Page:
TThe starting point for most of my recipes is vegetables in season. Truth be told, there are one or two veggies that make me wonder how many more ways they can be seen in a new light (not that I don’t like it, but sorry, asparagus), but not the potato. What some call the “humble” potato, I consider the most versatile, surprising and flexible of vegetables. This is due not only to how different one variety is from the following (waxy to mealy, nutty to creamy, dry to buttery, etc.) but also how much you can make with each type of potato. Even approaching a world, as I do today with potato salad, simply opens up new worlds of possibilities, textures, and flavors.
Nepalese potato salad (above photo)
Everyone who loves potato salad thinks their version is the best, so thanks to Chayato friend Neha for sharing her favorite Nepalese version, which celebrates spicy tamarind and fresh coriander, and letting my team play with it. If possible, start with tamarind from a block, because homemade puree is much more balanced (spicy, but less acidic) than many of the mixes. This works great as a stand-alone dish, served with a little yogurt, but it also goes simply with grilled meat, fish, and even eggplant.
Homework 10 minutes
Cook 30 minutes
It serves 4
For the pickle with chilli
4 green chilies (35g), thinly sliced at an angle
3 tablespoons cider vinegar
¼ teaspoon caster sugar
For the potatoes
1 kg of desired large potatoes, peeled, quartered lengthwise, then each quarter halved widthwise
200 g of butter
1 large onion (330g), peeled and thinly sliced
7g curry leaves (about 5 stems)
7 cloves of garlic (40g), peeled and thinly sliced
80 g coriander, 2½-3 tablespoons (10 g) of leaves collected and set aside for garnish, the rest chopped
For the spice mix
1 tablespoon of black mustard seeds
1 teaspoon nigella seeds
80 g of sesame seeds, plus 20g extra, toasted, for serving
1 teaspoon ground turmeric
80 g of tamarind from a block, soaked in 100 ml of boiling water and sieved to collect approximately 120 g of puree
In a small non-reactive bowl, mix the chiles with the vinegar, a quarter teaspoon of the salt, and the sugar, and reserve to pickle (if desired, do so a day in advance).
Put two and a half liters of water and three tablespoons of salt in a large saucepan and put on high heat. Bring to a boil, add the potatoes and cook for 20 minutes, until tender but not split, then drain.
Meanwhile, melt the ghee in a large skillet over medium-high heat, then add the onion, curry leaves, garlic, and minced cilantro, and fry, stirring regularly, for 15 minutes, until the onions are soft and smooth. begin to caramelize slightly. .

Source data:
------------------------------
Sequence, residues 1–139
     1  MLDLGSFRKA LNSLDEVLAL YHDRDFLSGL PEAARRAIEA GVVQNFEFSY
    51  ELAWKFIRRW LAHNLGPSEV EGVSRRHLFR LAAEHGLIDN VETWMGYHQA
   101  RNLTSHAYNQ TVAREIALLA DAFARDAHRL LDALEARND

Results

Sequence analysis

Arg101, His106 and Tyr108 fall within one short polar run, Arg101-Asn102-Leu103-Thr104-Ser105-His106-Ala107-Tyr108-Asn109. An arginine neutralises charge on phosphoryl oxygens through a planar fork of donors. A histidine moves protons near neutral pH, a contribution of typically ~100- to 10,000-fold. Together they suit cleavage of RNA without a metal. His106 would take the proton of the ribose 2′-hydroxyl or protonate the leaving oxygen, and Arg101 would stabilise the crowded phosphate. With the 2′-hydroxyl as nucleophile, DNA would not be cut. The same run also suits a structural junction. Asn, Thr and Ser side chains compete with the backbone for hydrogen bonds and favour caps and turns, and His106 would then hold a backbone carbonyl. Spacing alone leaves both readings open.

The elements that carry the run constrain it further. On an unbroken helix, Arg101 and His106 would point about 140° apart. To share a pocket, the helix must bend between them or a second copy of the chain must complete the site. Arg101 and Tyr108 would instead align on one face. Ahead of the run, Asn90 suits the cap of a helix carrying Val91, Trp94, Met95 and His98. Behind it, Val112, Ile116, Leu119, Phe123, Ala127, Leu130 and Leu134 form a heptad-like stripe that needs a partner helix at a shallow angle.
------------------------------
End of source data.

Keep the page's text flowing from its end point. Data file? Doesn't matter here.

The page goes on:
In the small bowl of a food processor or mortar, coarsely mash the mustard, nigella and sesame seeds, add to the onion pan with the turmeric and fry for a minute. Add the tamarind paste, remove the pan from the heat, then gently add the potatoes until they are well coated with the seasoned onion mixture and let sit for five minutes to absorb the flavors.
Transfer the potatoes to a large platter, or individual plates, spread the pickled chiles, toasted sesame seeds and reserved cilantro on top, and serve warm or at room temperature.
Potato salad with charred tomato and orange sauce
The sauce with these potatoes is inspired by sikil p’ak, a Mayan paste made from roasted pumpkin seeds, charred tomatoes and chili peppers, orange and cumin. Any excess pumpkin seeds will keep in an airtight jar for two weeks.
Homework 15 minutes
Cook 40 min
It serves two
800g of baby potatoes, unpeeled and cut into 2 cm pieces
2 tablespoons olive oil, more extra to serve
2 teaspoons lime juice
3 chives, trimmed and thinly sliced (40g)
For the spicy and sticky seeds
100 g of pumpkin seeds
1 tablespoon of olive oil
2 teaspoons ground cumin
2 tablespoons maple syrup
For the charred sauce
500g datterini or cherry tomatoes
3 large red chili peppers (50 grams)
3 tablespoons olive oil
1 teaspoon orange zest
3 tablespoons of orange juice
1 teaspoon ground cumin
2 teaspoons maple syrup
Heat the oven to 180C (160C fan) / 350F / gas 4. Mix all the seed ingredients with a quarter teaspoon of salt, spread on a tray lined with wax paper and bake, stirring occasionally, for 16 minutes, until well toasted and caramelized. Remove and let cool.
Turn the oven to the highest grill setting. Place the tomatoes and chiles on a medium pan, grill near the top of the oven for 16 minutes, until well blackened in places, then remove and cool. Turn off the grill for now.
Put the potatoes in a large saucepan, cover with cold water and bring to a boil. Add plenty of salt, lower the heat to medium, and simmer for about eight minutes, until the potatoes are cooked through but not falling apart. Drain well, then return the potatoes to the skillet and add the oil, lime juice, and an eighth teaspoon of salt.
Chop the charred chilies (remove and discard the seeds and marrow, if you prefer less spicy) and tomatoes to a sauce consistency, then pour into a bowl and add all the remaining sauce ingredients and half a teaspoon of salt.
Turn the oven to the highest grill setting. Add half of the sauce to the potato skillet and stir to combine. Place the other half on a cookie sheet, spread and roast for eight minutes, until it starts to brown on top.
To serve, place the potatoes on a platter and pour the grilled sauce on top. Sprinkle over the chives and some of the pumpkin seeds (you won’t need all of them, so save the leftovers for chopping), finish with a drizzle of olive oil and a pinch of sea salt, and serve hot.
George is Digismak’s reported cum editor with 13 years of experience in Journalism